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    30 minutes = evening sanity

    July 2nd, 2011

    I’ve decided that the difference between a “tear your hair out” evening as a single parent, and a “hey, I feel pretty good about my parenting (survival) skills” is 30 minutes. 30 minutes of child-free time. This isn’t “relax, zone out” time, mind you. It’s time to: get dressed from work clothes into evening home clothes; prep baby milk bottles for the following day; prep dinner and set the table. These tasks may not seem like much, but you’ll be surprised how long they take, and NOT having to worry about them when 2 kids are with you offloading emotionally from their day makes a big difference. I wish I can do them after G goes to bed, but being the late-bird he is, he’s not in bed before 9:30, and still insists you snuggle with him, meaning that I fall asleep right along side him at 10 and NOTHING gets done past that point.

    S has had a business conference since Wednesday. While it’s in the city and he’s been coming home every evening, by the time he comes in both kids are in bed, which is more or less the equivalent of being alone.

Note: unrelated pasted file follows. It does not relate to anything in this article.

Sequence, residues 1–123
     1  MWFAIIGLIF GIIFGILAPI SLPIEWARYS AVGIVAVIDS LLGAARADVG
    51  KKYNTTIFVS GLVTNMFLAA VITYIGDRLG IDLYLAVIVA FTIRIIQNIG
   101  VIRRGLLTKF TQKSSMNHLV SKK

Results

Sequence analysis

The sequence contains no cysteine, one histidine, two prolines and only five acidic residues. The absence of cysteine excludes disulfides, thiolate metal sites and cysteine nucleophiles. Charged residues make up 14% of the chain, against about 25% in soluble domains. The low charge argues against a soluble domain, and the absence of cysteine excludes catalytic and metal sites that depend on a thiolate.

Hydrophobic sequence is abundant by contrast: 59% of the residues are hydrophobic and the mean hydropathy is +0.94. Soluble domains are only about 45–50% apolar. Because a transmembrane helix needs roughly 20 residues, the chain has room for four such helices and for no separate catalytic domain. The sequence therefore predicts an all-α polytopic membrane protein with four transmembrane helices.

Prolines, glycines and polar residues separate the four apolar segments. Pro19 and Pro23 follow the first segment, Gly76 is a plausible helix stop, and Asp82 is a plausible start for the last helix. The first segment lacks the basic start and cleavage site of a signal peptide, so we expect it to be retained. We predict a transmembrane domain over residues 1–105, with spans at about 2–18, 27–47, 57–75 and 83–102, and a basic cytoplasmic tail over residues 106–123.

So I’ve been bailing out of work 30 minutes earlier than usual. I come home, drop off my bags (because carrying a purse, pump, diaper bag, milk bottles bag, infant carrier AND toddler, all at the same time, is NOT fun, despite how amusing it appears), and do all the items I describe above. Then I turn around and grab the kids. We come home, wash hands and go straight to dinner. And you know what? By the time we’re done, I actually have 20 minutes to play with both of them AND rinse diapers, instead of scrambling to get those other chores done. Now… if I can only figure out how to actually “cook” with all this, I’d be set. I’ve been relying on take-out, or warming-up frozen foods. Not ideal, but again, survival mode here.

    I’ll say that these last 4 days haven’t been bad. G has really helped out by actually being in pretty good spirits and NOT throwing tantrums and testing me every five minutes. S2 has actually give me 2 good nights of only waking up once. It’s as if they got the memo that mommy’s needs them to cooperate at this time.

    So yeah, we made it through Saturday. I have about the same number of gray hairs, and am not ready to sell the kids off to the highest bidder. I’d say that’s a win 🙂

    You know you’re a parent when…

    January 17th, 2011